Friday, May 11, 2007
The Folly of Vengeance
Too many of our public policies seem to be based on vengeance rather than reason. Some examples:
- Our economy needs workers who are willing to take on jobs that involve low pay and manual labor, such as harvesting crops, cleaning hotel rooms and making beds, and various types of day labor. However, instead of adjusting our immigration quotas to accommodate the number of laborers needed, we force these willing immigrants to enter the country illegally. We now (at least some of us) express anger at these workers who have broken the law and advocate a policy of vengeance, such as denying them even emergency medical care, education for their children, and the like.
- We have a broken drug policy. Persons who are caught with small amounts of “controlled substances” are sentenced to long terms in prison, whether or not they are addicts. This is a policy of vindictiveness, not reason.
- Our whole criminal justice system seems to be based as much on vengeance as on rehabilitation or protecting the public. Our tender concern for the victims or the relatives of victims of violent crime validates the desire for revenge rather than a reasoned policy of encouraging the criminals to change their ways and repay society in useful ways for their misdeeds.
Religious leaders and teachers tell us that God does not approve of humans taking revenge on each other. Some quotes that come to mind are “Vengeance is mine, saith the Lord” and “Judge not, lest ye be judged.” We are taught that giving up vengeance is a religious obligation. The implication is that if there were no God, it would be all right to take vengeance whenever we please. Perhaps humans were prone to vindictiveness during the millions of years before they discovered God, or before God revealed Himself to them.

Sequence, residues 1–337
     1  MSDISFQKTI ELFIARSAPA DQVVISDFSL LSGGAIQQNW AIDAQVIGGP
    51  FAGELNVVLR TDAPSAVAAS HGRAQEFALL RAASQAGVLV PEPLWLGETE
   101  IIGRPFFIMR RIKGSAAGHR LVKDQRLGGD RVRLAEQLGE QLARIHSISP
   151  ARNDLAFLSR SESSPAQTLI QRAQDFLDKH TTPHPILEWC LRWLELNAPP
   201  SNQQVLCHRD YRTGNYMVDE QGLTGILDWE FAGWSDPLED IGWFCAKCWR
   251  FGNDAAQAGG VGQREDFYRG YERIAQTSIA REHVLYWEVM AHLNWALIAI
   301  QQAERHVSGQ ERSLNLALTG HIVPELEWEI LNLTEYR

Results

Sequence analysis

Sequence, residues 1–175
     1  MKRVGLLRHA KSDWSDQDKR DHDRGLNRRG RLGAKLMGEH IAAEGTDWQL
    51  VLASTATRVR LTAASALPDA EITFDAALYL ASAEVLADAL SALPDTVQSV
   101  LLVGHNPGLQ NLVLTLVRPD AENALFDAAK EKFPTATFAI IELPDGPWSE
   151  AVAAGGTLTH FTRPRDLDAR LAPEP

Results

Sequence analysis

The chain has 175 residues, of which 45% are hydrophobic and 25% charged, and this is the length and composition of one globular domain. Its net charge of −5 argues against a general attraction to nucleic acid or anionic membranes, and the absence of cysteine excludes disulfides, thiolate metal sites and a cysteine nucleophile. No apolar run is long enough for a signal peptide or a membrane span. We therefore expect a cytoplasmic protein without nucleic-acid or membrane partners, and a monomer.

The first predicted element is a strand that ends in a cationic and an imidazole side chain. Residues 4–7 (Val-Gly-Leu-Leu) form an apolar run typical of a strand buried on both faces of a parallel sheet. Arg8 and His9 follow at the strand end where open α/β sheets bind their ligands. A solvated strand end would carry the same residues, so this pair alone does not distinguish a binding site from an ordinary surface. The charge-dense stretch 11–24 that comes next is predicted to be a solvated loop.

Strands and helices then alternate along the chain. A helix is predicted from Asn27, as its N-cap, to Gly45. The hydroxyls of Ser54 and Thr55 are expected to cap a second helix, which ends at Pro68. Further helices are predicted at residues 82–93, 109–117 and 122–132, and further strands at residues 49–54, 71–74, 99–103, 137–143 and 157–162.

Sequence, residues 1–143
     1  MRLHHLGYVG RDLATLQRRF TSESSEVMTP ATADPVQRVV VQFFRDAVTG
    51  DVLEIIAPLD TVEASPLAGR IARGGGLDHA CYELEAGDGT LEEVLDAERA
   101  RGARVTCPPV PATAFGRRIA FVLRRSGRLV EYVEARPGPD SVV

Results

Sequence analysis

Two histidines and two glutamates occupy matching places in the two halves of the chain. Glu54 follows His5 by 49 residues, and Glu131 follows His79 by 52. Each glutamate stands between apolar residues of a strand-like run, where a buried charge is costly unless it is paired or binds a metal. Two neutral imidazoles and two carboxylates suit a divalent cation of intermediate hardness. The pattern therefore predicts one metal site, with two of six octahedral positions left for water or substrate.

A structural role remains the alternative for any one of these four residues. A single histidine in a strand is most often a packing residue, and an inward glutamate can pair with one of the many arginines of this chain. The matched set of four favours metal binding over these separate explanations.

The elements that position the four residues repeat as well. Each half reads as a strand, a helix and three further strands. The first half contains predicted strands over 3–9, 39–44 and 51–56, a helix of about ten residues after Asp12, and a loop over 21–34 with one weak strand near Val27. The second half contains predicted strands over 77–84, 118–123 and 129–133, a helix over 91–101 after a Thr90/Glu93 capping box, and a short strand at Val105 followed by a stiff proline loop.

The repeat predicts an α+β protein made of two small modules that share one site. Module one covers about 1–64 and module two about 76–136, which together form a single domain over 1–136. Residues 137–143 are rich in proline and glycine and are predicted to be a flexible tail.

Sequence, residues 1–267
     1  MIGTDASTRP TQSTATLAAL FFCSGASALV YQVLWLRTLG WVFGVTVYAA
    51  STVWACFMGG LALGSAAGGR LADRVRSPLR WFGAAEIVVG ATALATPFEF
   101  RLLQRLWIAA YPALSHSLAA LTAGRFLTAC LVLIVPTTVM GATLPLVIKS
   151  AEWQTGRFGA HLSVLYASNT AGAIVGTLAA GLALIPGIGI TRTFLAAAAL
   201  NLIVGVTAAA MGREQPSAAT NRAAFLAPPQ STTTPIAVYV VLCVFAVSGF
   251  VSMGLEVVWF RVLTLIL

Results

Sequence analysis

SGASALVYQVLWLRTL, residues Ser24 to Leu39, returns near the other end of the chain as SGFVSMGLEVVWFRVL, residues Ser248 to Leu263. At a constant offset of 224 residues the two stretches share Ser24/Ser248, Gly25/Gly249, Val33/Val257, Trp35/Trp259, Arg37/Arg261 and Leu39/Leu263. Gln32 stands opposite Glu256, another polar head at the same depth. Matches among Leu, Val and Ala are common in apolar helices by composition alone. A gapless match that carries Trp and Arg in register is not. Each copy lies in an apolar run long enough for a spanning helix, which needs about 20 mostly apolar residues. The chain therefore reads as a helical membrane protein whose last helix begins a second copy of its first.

I don’t think so. I think that, as human society developed and evolved, thoughtful people noticed that vengeance tends to be self-destructive. Vengeance leads to blood feuds between families. Vengeance is often a waste of precious resources. Society functions better if people practice forgiveness rather than vengeance. This is a lesson learned from thousands of years of experience in living together in groups larger than a single nuclear family. I think it was only much later in human experience that such lessons in practical morality, such as foreswearing vengeance and following the golden rule, were given a religious sanction. Religion, or the belief in a protective God, came from such sources as ancestor worship and from attempts to explain inexplicable and unpredictable events, such as earthquakes, eclipses, and floods. The dead ancestor was the protector of the tribe or family. Different gods produced different events of importance to people engaged in either hunting and gathering or agriculture.
Today science has brought explanations for many of the events that were once attributed to angry gods who needed to be placated. We no longer believe in a god of rain, a god that produces earthquakes, a god that causes famine, and the like. We understand how these things come to pass and we no longer need a belief in the supernatural to explain them. We are becoming more and more secular. But we need to retain our moral values. The golden rule is just as applicable in an atheistic society as in a theistic one. Abjuring vengeance is just as important without a personal God as with one.
I’m getting to a point; really, I am. My point is that people who make public policy should carefully examine these policies to make sure they are based on cool-headed logical reasoning and not on hot-headed desires for vengeance. We should not sentence convicted criminals to very long sentences just because some members of the voting public think they should be punished and punished and made to suffer for what they’ve done, etc. Vengeance in this case requires the construction of additional prisons and the hiring of more prison guards. Many of these criminals could be just as effectively be punished by putting them on probation. On probation they would be encouraged to learn how to live in our society without committing additional crimes.
Another point is that our drug policy is wrongly based on taking vengeance against the users. We hate and despise drug addicts. We believe they are monsters who rob widows and orphans. We believe they are hopelessly depraved and deserve the worst possible punishment. We thirst for vengeance against those who use drugs in spite of our well-meaning laws to forbid such use.
We must learn to give up the desire for vengeance.